MIT Anthropologist Manduhai Buyandelger receives
the $25K Levitan Prize in the Humanities for 2014
“Buyandelger explores how people interpret, resist,
and accommodate socio-economic transformations,
both by reviving traditional cultural practices and by
creating new ones.”
— Professor Susan Silbey, Head, MIT Anthropology
$25K award supports innovative scholarship
Associate Professor of Anthropology Manduhai Buyandelger has been awarded the James A. (1945) and Ruth Levitan Prize in the Humanities, a $25,000 research grant that will support her in-depth ethnographic study of parliamentary elections in Mongolia, with specific emphasis on the experience of female candidates.
In announcing the award, Deborah K. Fitzgerald, the Kenan Sahin Dean of MIT’s School of Humanities, Arts, and Social Sciences, remarked that there were “many excellent proposals” for this year’s Levitan, the School’s top annual prize for research. “It is a real tribute to your depth of intelligence and experience … that the committee chose [this project] as the winner,” Fitzgerald wrote in congratulating Buyandelger.
A project on Mongolian women and political power
“The Levitan Prize is going to transform my life because I’ll be able to finish this project,” Buyandelger said, noting that she plans to use the prize to complete a book highlighting the “unconventional and creative strategies” women politicians have used to meet the challenges of the post-socialist era as well as the ways in which women’s early electoral failures helped spawn a women’s movement in Mongolia.
“During socialism the state promoted top-down strategies to equalize the sexes,” she explained. “With the collapse of the state, women were left on their own … and their marginalization at the top levels of politics became even more stark.”
Although women rarely secured election during Mongolia’s early democratic years — women’s representation in the national parliament never went beyond 8 percent until 2012 — Buyandelger finds that this failure helped spur the launch of a wide range of small nongovernmental organizations (NGOs) that advocated for women’s rights.
“The individual fruits of these little NGOs in the end contributed to building a new culture and awareness about gender issues,” Buyandelger said. While the Mongolian NGOs did not always explicitly work together “in the end they collectively transformed the perception of the populace regarding women in politics,” she said. “They also leveraged the government to designate an agency to attend to gender issues.”
Mongolian political campaign event
Buyandelger will use the Levitan Prize to complete
a book and a documentary film about the creative
strategies women politicians in Mongolia have used
to meet the challenges of the post-socialist era.
The Levitan Prize will enable Buyandelger to travel to Mongolia to finish the research for her book — One Thousand Steps to Parliament: Elections, Women’s Participation, and Gendered Transformation in Postsocialist Mongolia. It will be the second book for Buyandelger, who is the only anthropologist in the United States focused on Mongolia. Her first book, Tragic Spirits: Shamanism, Memory, and Gender in Contemporary Mongolia, was released by the University of Chicago Press in November.
“Buyandelger explores how individuals and groups interpret, resist, and accommodate these drastic socio-economic transformations, by both reviving traditional cultural practices and by creating new ones,” said Professor Susan Silbey, who heads the Anthropology Section. “In Tragic Spirits… [she documents] the revival of shamanism in the transformation from Soviet communism to liberal capitalist subjects.”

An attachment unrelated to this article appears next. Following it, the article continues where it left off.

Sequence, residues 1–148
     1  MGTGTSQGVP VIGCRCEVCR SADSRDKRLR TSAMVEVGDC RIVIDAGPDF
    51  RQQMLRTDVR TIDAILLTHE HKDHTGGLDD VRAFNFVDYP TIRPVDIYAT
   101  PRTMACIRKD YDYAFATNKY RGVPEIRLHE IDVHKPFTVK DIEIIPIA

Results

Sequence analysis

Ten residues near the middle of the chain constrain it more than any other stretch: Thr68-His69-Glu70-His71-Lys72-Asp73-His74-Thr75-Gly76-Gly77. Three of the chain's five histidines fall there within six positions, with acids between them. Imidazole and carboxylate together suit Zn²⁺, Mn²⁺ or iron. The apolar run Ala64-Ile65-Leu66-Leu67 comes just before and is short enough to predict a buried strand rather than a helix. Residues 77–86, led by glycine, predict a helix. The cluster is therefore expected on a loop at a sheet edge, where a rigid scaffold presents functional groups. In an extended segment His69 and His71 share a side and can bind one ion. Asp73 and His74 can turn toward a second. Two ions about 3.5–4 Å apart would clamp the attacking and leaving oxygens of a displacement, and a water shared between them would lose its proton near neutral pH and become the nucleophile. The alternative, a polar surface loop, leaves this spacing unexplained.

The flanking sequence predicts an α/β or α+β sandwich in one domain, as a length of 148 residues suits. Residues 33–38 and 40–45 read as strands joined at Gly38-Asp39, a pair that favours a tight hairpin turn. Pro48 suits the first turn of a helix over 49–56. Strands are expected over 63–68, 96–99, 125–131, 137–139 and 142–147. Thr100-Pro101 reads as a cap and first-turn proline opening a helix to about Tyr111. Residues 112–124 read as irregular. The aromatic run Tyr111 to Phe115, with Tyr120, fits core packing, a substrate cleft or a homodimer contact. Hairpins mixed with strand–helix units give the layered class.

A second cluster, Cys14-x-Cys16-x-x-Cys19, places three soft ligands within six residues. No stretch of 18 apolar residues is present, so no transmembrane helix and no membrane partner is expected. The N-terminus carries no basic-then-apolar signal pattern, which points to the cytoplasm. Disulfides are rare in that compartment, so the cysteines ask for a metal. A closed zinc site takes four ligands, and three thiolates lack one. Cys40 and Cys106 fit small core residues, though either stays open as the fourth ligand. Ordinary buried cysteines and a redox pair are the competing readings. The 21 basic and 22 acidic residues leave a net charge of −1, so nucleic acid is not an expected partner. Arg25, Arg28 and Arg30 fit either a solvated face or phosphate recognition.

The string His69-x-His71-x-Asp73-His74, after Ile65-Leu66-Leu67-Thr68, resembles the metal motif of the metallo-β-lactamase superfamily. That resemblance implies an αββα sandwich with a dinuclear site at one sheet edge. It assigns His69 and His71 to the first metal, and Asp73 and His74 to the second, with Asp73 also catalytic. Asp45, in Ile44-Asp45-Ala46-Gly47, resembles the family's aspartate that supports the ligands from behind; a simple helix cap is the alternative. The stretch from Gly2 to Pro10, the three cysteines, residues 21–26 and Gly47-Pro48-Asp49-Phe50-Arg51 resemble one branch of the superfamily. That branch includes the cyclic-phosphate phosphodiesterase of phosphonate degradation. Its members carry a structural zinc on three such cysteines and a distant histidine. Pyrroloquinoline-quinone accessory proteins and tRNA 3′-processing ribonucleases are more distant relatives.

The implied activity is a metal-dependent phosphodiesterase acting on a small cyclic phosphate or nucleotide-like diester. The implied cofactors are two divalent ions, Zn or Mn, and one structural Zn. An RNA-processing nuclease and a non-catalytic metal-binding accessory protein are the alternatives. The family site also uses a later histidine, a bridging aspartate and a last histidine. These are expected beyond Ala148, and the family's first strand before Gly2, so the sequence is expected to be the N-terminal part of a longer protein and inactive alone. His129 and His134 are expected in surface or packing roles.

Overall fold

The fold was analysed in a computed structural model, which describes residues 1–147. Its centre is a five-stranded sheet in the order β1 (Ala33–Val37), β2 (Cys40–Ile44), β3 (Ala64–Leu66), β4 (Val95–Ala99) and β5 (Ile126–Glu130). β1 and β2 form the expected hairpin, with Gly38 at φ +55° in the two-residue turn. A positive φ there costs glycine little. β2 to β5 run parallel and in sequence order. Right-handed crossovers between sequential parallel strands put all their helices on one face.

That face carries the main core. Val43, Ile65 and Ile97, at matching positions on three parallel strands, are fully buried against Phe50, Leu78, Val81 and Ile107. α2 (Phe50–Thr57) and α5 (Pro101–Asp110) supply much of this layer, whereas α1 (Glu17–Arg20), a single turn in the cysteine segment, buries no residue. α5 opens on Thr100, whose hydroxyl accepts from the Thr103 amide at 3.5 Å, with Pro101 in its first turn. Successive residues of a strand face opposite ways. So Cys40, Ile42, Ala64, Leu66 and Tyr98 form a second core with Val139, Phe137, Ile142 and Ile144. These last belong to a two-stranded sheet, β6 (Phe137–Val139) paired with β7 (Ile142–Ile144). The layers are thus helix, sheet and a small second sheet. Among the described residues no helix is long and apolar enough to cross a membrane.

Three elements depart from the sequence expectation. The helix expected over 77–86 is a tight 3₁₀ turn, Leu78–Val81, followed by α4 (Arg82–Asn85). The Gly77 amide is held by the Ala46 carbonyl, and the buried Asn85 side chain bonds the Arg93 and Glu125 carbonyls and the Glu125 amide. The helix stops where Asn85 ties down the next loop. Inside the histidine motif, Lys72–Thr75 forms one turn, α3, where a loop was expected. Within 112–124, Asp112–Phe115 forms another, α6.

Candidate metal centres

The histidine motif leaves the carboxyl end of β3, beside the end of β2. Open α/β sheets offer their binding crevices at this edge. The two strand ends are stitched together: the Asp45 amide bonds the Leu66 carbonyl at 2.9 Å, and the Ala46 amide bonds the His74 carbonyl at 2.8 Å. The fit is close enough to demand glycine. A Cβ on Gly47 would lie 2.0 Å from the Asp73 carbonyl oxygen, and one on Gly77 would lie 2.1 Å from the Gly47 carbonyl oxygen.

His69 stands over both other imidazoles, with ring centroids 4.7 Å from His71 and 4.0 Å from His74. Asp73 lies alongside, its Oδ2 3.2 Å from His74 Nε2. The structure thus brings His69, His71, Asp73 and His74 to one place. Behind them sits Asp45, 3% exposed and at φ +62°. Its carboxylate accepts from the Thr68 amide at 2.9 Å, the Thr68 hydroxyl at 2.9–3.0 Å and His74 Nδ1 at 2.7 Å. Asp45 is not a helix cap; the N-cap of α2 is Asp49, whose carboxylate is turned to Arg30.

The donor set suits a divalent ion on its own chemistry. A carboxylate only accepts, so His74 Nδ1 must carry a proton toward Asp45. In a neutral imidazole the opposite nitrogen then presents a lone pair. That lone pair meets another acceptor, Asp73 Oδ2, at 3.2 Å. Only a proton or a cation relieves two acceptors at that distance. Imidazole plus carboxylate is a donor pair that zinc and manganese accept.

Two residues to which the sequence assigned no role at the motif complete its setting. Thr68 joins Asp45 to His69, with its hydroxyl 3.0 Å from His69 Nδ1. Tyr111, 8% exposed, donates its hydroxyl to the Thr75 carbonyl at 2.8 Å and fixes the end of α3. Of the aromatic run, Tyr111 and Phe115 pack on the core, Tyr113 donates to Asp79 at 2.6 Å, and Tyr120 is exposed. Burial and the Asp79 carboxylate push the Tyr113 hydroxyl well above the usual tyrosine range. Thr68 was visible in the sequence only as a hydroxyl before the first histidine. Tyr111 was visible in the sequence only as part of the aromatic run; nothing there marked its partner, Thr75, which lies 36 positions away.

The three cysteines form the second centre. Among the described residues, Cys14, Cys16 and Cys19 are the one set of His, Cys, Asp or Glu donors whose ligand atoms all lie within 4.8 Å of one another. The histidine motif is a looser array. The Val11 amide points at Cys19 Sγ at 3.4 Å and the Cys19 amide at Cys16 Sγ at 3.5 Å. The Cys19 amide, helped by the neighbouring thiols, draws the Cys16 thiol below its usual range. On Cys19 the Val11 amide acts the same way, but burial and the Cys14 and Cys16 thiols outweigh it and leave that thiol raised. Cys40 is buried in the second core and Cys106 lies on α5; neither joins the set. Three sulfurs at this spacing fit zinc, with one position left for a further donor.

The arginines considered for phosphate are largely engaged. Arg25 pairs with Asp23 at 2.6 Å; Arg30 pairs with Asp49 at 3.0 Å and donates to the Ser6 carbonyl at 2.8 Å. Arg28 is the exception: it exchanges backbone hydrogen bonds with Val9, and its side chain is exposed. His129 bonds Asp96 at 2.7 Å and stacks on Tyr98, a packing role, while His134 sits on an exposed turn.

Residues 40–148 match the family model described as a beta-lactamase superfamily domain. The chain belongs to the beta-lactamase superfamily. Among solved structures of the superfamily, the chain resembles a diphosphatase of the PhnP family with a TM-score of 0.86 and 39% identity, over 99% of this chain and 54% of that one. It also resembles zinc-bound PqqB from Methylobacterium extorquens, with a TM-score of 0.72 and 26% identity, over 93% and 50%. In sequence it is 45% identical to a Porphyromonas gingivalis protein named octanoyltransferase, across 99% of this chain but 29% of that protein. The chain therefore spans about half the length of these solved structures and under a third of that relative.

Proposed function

MIT Anthropologist Manduhai Buyandelger riding with nomadic shamans on the Mongolian steppe.
A documentary film on Parlimentarian Burmaa Radnaa
Buyandelger said she also plans to use the Levitan Prize to complete a related documentary film (titled “Intellect-ful Women”) that is centered on the experiences of Burmaa Radnaa, a politician she shadowed during the 2008 campaign. The film should provide a wholly novel perspective on the election process. “There are very few studies of women politicians in anthropology,” said Buyandelger, who was afforded rare access to top parliamentary politics while shadowing Radnaa on a daily basis.
While Radnaa lost the 2008 election, she took her case to court alleging ballot fraud — and won. And, although the court did not award her a seat, the publicity surrounding the case helped earn both her and her party a fair shot at election in 2012. As a result, Radnaa is now serving as a member of parliament in Mongolia.
“The film concentrates on Burmaa’s extraordinary analytical skills and mercurial but nuanced ways of thinking and solving problems,” Buyandelger wrote in her Levitan Prize application. “Against the commercialized elections and party politics where networks and money pave much of the road to parliamentary seats, Burmaa won a seat with limited resources but with much thinking. Her electoral strategies are embedded, primarily, in her intellect.”
About the Levitan Prize in the Humanities
The prize was established through a gift from the late James A. Levitan, a 1945 MIT graduate in chemistry, who was also a member of the MIT Corporation and of counsel at the law firm of Skadden, Arps, Slate, Meagher and Flom of New York City. The prize, first awarded in 1990, supports innovative and creative scholarship in the humanities by faculty members in the MIT School of Humanities, Arts, and Social Sciences.
MIT News: The surprising story of Mongolian shamanism
MIT Anthropologist Buyandelger finds that after Soviet domination,
a rebirth of shamanism helped Mongolia rewrite its own history.
Story prepared by MIT SHASS Communications
Editorial and Design Director: Emily Hiestand
Senior Writer: Kathryn O’Neill
Photographs, courtesy of Manduhai Buyandelger